Stenosis remains a significant problem in vascular anastomoses performed in the growing patient. This study compares the growth of vascular anastomoses performed with either polypropylene or polyglycolic acid sutures. End-to-end infrarenal aortic anastomoses were performed in 18 piglets. Twelve were performed with polypropylene; in six all sutures were placed in a continuous fashion (Group 1A), and in the other six the posterior sutures were continuous and the anterior were interrupted (Group 1B). Six anastomoses were performed with polyglycolic acid sutures placed in a continuous fashion (Group 2). The animals were killed 6 months following operation. The abdominal aorta was removed, measured, burst tested, and subjected to histologic studies. All anastomoses were patent. There were no burst failures at 300 mm Hg mean pressure. All polypropylene sutures in Group 1A and the continuous portion in Group 1B had straightened without breaking. Straightening without polypropylene suture breakage resulted in stricture in three Group 1A anastomoses and one Group 1B anastomosis; there was intraluminal polypropylene suture material in two Group 1A and five Group 1B anastomoses. Bowstring formation of the straightened, continuous portion of the polypropylene suture in two Group 1A anastomoses and one Group 1B anastomosis resulted in adherent thrombus. Group 2 anastomoses were without stricture and were grossly indistinguishable from adjacent normal vessel. Histologic examination showed varying degrees of chronic inflammation in the polypropylene anastomoses but negligible inflammation in the polyglycolic acid anastomoses. These results suggest that continuous suture techniques with polypropylene in growing vessels may result in stenosis and/or thrombosis. Moreover, synthetic absorbable polyglycolic acid sutures will be of use in vascular anastomoses in growing patients and in cases in which exacting technique with minimal postsurgical inflammation may be crucial to patency.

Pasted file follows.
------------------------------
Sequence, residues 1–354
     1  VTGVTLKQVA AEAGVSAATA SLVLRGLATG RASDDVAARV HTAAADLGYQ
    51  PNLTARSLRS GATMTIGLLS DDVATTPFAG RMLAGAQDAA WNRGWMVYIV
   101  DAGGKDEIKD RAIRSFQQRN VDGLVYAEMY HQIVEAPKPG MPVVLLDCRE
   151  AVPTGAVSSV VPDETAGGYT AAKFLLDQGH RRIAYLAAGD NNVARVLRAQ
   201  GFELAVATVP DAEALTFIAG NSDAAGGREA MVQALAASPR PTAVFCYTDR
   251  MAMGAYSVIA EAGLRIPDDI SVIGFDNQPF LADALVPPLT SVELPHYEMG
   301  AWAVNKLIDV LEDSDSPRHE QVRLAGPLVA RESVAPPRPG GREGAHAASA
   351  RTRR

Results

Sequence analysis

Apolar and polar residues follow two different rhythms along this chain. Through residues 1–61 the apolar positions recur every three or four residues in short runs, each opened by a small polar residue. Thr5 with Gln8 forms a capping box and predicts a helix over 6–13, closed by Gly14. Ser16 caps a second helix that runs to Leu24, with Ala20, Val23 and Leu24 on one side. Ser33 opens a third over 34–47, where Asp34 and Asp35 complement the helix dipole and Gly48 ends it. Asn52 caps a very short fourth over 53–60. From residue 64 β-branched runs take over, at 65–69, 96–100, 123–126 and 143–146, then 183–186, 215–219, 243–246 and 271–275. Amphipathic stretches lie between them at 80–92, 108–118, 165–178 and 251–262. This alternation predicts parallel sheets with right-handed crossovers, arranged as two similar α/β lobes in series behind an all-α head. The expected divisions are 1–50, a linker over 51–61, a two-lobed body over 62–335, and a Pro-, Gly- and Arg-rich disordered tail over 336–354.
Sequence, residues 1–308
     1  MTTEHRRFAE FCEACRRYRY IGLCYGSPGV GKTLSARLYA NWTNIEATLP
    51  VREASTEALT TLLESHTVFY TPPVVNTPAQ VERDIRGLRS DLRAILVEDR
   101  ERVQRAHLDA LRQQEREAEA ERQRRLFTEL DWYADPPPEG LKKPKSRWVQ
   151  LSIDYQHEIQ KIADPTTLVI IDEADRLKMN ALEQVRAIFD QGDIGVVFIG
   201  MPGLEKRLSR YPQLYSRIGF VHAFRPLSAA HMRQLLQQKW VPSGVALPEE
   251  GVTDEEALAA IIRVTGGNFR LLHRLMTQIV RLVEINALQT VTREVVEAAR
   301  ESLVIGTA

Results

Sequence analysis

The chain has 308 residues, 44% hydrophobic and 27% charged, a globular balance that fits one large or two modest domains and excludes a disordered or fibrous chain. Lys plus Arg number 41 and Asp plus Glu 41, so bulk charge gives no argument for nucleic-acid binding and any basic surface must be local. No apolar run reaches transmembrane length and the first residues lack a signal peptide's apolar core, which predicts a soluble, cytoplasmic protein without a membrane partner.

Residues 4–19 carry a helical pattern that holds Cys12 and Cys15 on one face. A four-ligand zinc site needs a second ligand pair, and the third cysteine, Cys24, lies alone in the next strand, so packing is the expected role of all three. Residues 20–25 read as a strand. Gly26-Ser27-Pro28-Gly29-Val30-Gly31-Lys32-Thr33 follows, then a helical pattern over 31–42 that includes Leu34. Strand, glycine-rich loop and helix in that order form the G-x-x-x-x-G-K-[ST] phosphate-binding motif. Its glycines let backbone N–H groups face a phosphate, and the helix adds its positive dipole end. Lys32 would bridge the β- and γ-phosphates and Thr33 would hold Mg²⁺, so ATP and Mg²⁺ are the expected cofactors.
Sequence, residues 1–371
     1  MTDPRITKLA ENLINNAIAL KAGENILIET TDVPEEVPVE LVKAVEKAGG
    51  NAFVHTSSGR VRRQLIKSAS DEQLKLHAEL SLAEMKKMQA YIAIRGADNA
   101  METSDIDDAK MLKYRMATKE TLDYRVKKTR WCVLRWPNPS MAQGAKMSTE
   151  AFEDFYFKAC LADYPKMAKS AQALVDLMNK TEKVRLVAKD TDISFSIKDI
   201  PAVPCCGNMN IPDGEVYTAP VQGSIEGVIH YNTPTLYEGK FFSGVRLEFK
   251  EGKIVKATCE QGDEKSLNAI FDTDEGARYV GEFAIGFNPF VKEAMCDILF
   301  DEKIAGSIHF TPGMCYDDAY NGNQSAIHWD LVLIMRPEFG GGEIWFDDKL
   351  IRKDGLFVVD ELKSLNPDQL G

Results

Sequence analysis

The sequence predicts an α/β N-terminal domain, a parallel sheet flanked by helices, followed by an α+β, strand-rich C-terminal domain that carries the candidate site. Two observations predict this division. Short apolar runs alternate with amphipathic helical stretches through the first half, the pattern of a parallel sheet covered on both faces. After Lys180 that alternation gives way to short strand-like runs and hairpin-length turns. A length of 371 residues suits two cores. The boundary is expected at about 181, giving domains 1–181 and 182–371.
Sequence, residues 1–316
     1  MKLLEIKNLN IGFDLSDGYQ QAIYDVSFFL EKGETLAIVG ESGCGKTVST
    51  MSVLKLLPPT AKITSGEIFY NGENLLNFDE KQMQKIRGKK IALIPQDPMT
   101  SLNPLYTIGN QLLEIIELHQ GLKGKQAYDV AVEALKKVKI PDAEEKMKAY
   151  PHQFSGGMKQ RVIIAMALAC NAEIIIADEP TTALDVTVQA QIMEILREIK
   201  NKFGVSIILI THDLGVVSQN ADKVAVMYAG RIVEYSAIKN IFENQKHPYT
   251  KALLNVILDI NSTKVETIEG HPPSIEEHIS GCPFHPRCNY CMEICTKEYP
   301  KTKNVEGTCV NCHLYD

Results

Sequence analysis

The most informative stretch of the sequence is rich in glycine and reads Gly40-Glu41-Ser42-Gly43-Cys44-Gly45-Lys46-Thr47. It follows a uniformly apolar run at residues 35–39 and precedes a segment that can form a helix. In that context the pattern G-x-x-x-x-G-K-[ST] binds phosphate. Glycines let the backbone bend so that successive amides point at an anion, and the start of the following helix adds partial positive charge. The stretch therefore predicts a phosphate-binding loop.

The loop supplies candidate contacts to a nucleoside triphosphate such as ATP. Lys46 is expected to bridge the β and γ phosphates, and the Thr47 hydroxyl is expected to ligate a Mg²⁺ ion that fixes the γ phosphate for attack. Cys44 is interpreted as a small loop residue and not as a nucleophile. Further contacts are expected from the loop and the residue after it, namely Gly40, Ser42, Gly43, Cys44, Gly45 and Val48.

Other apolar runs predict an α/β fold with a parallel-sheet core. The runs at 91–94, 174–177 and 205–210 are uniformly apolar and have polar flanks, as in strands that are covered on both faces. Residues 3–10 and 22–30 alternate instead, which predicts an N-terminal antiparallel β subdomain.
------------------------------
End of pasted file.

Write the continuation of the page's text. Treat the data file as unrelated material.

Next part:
All Science Journal Classification (ASJC) codes
- Pulmonary and Respiratory Medicine
- Cardiology and Cardiovascular Medicine